A Japanese language student - I am using this blog as my notebook, if you will, to chart my progress as I continue to learn and recollect information of understanding to read again. So go ahead and start reading.
Well I’ve been revising my notes a lot over the last week - as my Mac was away for repair, but he’s back and shiny as ever. So I got back on to NihongoUp and completed level 2! The final quiz was very difficult and challenging, but in a rewarding and useful way - the test questions focus a lot on using what you’ve learnt in practice and asking you often to respond to a certain piece of test - this is a really great method of using the language fully.
I also completed my 4th Japanese Graded Reader book yesterday morning and was very satisfied at the end as I had managed to understand the last 3 pages fully without any need for checking, dictionary, etc. It all just sprang to mind and flowed naturally as I read through, a few words I got stuck on as they were not vocabulary I had seen before, but in terms of what I had already known - I was able to recognize all the elements of the sentences around it such as それはお父さんのお茶碗 - the only part I struggled with there was the final word (rice bowl) since it is something I had not yet come across. I also have been able to recognize sore, kore, etc after seeing them so often in the text and the honorific titles for words.
I’ve been practicing verbs a lot and conjugations - they are now a lot clearer to me as well as the use of particles - and their placement naturally. Forming, reading and understanding sentences has really improved with all my work recently.
I got the White Rabbit Press Kanji poster & Kanji flashcards, so I shall begin working on them soon.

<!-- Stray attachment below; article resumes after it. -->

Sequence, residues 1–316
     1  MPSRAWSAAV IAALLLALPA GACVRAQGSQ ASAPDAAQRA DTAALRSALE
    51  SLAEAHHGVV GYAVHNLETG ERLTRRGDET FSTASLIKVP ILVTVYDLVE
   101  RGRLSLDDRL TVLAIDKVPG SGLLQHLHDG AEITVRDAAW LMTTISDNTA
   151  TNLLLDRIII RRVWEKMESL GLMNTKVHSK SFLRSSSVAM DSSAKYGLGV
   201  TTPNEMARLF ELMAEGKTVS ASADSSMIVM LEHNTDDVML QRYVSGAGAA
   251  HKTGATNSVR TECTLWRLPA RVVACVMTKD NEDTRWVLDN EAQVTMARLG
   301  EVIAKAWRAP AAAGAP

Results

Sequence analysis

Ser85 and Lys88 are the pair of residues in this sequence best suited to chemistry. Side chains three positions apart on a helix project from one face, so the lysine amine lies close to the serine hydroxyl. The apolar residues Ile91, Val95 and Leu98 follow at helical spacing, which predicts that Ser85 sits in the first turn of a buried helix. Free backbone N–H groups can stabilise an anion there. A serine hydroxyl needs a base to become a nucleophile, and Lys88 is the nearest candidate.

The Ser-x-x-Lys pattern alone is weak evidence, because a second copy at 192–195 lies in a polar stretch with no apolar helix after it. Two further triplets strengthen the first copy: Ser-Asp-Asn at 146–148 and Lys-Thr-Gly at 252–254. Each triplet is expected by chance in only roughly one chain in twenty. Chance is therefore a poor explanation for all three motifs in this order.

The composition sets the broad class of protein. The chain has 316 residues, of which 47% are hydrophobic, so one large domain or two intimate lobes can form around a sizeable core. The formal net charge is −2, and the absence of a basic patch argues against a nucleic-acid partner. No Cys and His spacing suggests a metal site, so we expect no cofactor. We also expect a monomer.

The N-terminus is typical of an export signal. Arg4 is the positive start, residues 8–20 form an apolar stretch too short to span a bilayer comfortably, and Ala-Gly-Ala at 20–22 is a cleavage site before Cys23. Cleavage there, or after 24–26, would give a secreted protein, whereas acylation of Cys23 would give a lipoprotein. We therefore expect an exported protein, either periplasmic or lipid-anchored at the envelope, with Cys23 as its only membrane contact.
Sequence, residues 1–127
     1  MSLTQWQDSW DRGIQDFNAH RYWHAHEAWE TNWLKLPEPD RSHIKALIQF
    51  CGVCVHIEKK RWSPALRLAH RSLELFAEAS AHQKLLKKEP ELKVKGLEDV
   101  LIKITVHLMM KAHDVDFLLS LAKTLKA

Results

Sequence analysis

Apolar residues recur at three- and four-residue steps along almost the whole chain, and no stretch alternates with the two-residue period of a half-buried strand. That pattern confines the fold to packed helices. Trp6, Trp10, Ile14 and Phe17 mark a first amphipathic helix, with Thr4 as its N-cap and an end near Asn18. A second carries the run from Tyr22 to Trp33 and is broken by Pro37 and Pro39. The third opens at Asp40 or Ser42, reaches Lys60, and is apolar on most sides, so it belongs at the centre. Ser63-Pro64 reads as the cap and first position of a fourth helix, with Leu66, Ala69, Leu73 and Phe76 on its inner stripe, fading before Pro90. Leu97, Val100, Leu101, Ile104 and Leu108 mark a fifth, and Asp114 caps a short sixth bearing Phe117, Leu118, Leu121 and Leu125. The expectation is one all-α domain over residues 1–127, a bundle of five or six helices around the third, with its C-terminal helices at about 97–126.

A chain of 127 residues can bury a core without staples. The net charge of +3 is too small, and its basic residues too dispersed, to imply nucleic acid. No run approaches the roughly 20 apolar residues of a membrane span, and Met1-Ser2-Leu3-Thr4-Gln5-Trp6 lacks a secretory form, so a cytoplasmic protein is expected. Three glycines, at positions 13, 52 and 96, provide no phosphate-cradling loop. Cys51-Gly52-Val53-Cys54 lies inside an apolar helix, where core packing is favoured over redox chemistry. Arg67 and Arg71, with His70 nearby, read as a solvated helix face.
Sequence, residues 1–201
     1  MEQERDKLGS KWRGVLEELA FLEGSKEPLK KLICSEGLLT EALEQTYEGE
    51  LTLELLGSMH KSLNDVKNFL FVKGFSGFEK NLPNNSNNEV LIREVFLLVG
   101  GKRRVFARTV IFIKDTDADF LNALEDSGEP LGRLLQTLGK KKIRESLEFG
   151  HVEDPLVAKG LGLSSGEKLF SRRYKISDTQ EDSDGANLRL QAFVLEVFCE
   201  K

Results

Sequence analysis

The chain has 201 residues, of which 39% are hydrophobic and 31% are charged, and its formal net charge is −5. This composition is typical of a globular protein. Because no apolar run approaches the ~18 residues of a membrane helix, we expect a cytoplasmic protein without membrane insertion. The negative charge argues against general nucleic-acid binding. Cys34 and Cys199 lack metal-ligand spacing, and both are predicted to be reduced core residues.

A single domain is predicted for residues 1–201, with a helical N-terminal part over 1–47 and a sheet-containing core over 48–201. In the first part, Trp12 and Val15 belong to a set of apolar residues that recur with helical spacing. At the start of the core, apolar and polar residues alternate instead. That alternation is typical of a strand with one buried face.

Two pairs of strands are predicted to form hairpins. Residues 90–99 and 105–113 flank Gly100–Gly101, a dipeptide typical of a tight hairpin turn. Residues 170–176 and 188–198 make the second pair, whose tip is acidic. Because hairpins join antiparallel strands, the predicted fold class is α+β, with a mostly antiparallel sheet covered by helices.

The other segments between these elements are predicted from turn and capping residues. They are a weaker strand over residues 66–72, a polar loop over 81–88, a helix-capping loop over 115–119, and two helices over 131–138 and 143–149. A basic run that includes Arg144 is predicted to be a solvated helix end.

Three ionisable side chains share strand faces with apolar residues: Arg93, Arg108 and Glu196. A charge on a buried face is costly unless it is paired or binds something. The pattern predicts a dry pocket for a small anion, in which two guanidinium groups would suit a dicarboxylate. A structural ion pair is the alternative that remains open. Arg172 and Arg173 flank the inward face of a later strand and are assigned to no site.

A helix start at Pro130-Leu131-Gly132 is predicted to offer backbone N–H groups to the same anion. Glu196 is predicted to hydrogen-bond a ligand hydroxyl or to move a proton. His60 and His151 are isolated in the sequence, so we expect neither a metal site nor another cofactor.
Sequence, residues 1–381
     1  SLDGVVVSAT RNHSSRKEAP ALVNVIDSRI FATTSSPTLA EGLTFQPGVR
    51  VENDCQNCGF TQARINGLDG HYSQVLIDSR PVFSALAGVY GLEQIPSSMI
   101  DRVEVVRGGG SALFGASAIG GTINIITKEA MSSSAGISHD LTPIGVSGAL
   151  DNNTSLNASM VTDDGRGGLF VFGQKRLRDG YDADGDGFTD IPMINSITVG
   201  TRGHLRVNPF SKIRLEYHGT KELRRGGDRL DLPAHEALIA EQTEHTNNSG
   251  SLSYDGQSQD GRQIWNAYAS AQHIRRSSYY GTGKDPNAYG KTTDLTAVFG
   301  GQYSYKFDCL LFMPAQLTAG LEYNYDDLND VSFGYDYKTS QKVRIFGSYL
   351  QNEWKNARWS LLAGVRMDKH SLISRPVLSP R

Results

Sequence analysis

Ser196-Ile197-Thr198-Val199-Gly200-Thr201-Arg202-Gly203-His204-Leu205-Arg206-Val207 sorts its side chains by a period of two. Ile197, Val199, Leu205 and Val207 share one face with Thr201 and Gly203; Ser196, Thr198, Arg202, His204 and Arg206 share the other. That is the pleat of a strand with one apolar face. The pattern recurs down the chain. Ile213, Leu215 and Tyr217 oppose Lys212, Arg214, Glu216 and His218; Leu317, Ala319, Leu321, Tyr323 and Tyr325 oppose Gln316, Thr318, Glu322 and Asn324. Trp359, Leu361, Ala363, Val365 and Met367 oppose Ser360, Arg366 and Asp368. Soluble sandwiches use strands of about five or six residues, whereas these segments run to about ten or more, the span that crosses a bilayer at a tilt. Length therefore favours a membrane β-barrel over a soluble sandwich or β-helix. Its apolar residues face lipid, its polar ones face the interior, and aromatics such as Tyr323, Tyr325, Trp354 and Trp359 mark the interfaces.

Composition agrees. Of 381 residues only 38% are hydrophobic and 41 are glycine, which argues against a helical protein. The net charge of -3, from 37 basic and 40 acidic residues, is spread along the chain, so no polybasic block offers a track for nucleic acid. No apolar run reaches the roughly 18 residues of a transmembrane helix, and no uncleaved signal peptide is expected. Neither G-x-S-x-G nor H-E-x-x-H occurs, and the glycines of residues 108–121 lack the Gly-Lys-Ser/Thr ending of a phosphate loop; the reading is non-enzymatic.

持つ - meaning to hold, carry, possess.
this can turn into 持ちます (mochimasu) - as you drop the tsu, to chi, since the i is needed for polite -masu form.
持っています - this is the te form. I’m still understanding te forms so it doesn’t make sense fully yet, however I’ve been reading and learning that they can be used to show an ongoing action or activity based on that verb - this is similar to the English equivalent of ‘ing’
It can also be a form of showing a result from an action completed - e.g. I am wearing a shirt, I went to Japan, I walked to the shops.
Note: を particle often comes before the above, as it will signify an object in use before the verb.
These two verbs are similar in that they both dictate the existence of something. Similar to desu です
iru - used for animate objects, such as humans and animals
aru - used for inanimate objects, such as furniture, books, etc
e.g. (examples from the nihongoUp lesson - broken up to help me understand method.
there is a dog - iru is made into imasu, for polite form, drop the ru - as it is a ru verb.
there is a book - aru again in formal form, this time the ru = ri, since it drops the u and adds the i.
Mashou is used after the base 2 form of the verb - to say ‘let’s do something’ e.g. tabemashou = let’s eat. It can also be used to say “I’ll do…”
Kuru means “to come” - the base form is ki. So polite present form would be kimasu (will come) , polite present negative tense, kimasen (will not come), kimashita past tense (came), kimasen deshita past tense negative (didn’t come).
Suru means “to do” - it can also turn nouns into verbs. It goes after the noun, and turns it into a verb doing action, as opposed to a static thing e.g. benkyou suru (study). Base form is shi. Polite present shimasu (do) e.g. watashi wa shimasu (I will do), shimasen (won’t do), etc.